Japan gives vehement defence of its whaling

Japan says it has been painted as a rogue state by its so-called friend Australia over Antarctic scientific whaling.

In a strenuous defence, counsel for Japan, Payam Akhavan, said it stood before the International Court of Justice answering baseless allegations of bad faith.

Australia has told the court Japan abused the global whaling treaty's article on scientific whaling to carry out commercial whaling, cloaked in the lab coat of science.

More than 10,000 whales have been killed under the program.

Professor Akhavan, of Canada's McGill University, said Australia's case was that Japan had lied systematically, as a matter of state policy, for almost 30 years.

''Needless to say, this is a serious accusation, an affront to the dignity of a nation,'' he told the court, which was to hear Japan's final argument late on Tuesday in The Hague.

Professor Akhavan said Japan had decided that, rather than ending the harassment, intolerance and insults by leaving the International Whaling Commission, it would stay because of its genuine commitment to the rule of law and peaceful dispute settlement.

''Australia comes before this court to take advantage of that commitment,'' he said. ''To unfairly and unreasonably portray Japan as a rogue state at the IWC; to level accusations of bad faith against what it deems to be a friendly state that it can mistreat with impunity.''

He said even while the case was under way, Attorney-General Mark Dreyfus was giving interviews saying Australia would continue its campaign if the case was lost.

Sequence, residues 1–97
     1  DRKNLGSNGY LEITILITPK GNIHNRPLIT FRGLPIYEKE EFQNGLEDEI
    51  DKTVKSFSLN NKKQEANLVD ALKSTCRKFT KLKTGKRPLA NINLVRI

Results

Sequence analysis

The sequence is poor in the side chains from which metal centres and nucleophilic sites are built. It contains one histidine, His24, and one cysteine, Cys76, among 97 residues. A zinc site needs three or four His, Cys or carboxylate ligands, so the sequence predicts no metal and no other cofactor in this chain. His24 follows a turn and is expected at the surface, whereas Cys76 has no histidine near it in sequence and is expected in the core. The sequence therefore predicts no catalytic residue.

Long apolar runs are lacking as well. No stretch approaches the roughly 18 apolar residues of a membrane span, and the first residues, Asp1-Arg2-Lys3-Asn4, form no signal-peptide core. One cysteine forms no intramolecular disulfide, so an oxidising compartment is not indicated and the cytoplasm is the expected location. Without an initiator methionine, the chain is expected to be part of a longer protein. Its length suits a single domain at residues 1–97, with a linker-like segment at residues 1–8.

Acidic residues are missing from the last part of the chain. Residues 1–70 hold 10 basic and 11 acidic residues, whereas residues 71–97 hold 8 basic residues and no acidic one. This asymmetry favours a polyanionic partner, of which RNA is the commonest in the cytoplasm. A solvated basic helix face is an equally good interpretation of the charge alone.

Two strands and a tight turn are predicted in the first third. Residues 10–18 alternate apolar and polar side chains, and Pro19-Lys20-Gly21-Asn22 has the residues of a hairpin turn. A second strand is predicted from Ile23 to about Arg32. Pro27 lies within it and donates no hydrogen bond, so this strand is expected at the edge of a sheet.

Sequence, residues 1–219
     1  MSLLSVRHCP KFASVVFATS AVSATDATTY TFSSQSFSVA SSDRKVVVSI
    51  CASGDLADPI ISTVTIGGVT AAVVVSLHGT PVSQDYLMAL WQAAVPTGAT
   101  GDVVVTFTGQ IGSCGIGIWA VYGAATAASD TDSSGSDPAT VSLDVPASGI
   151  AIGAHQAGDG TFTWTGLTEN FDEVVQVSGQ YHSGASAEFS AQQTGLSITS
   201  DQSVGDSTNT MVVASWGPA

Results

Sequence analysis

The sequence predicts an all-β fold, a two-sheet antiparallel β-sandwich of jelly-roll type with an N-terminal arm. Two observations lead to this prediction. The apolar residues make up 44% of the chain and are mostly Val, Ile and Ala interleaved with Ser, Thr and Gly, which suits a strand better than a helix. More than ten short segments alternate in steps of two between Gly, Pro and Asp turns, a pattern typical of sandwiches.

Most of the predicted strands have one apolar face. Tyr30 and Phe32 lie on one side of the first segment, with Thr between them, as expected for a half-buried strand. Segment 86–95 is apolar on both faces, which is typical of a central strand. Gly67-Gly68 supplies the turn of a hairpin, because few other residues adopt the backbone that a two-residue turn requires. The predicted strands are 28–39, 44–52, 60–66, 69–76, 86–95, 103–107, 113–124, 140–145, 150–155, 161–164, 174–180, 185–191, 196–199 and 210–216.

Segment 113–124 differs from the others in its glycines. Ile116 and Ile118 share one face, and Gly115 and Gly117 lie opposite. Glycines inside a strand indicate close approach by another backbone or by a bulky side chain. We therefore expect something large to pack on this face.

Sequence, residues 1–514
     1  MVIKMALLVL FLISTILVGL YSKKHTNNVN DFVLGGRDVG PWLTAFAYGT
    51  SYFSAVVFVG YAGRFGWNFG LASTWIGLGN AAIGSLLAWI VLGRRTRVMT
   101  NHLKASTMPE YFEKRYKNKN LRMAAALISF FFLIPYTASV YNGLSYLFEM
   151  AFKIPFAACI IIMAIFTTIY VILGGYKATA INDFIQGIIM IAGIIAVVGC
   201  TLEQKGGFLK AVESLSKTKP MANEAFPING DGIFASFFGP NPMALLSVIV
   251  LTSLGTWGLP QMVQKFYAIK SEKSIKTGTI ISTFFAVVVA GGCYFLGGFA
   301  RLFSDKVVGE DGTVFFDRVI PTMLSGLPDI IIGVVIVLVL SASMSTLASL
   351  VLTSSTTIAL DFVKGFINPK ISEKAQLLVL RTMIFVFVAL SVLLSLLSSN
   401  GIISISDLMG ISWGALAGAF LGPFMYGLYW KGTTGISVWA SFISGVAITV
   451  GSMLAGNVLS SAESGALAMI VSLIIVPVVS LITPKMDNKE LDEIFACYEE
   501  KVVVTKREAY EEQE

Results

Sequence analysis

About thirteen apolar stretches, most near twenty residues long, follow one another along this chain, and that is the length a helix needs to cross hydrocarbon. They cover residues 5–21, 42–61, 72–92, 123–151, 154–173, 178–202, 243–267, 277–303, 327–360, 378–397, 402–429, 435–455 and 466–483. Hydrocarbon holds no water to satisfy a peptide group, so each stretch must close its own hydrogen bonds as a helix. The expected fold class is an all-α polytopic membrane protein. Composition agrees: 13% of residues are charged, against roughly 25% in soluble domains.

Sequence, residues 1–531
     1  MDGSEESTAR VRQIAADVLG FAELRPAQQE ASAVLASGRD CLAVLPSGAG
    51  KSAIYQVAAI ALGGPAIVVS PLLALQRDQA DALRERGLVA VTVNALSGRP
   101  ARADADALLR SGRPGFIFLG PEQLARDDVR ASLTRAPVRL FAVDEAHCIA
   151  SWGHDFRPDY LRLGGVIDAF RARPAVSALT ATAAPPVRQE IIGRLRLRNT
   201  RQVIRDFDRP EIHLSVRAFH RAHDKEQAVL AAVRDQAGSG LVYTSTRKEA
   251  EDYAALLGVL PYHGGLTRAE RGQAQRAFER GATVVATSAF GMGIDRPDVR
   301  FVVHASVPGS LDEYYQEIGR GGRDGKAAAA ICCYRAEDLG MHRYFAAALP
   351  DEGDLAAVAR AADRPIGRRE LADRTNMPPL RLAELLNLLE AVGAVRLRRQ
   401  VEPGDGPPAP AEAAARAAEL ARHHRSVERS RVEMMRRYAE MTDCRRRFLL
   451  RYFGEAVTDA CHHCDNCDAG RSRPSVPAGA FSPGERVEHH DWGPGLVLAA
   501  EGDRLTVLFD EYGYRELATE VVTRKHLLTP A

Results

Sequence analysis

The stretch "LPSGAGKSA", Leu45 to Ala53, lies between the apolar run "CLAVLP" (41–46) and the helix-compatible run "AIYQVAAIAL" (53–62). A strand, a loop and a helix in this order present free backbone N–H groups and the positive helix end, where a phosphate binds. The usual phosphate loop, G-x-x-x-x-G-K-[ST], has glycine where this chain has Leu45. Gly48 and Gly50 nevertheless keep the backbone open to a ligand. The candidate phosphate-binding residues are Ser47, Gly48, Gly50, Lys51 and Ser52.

''The Attorney-General makes clear that [Australia] will persist in harassing and confronting Japan if this court does not give Australia the decision that it wants,'' Professor Akhavan said.

Australia's final arguments were heard last week, when counsel James Crawford called for Japan to be held to account for a program that was not science but random hunting attuned to the Japanese market for whale meat.

Counsel for Japan, Yukiko Takashiba, said Australia claimed Japan thought it could do what it liked under article eight of the whaling treaty. But she said Japan had listened to the voices of other countries by deciding to abstain from catching humpback whales.

The court's decision is expected within four to six months.

This story Japan gives vehement defence of its whaling first appeared on The Sydney Morning Herald.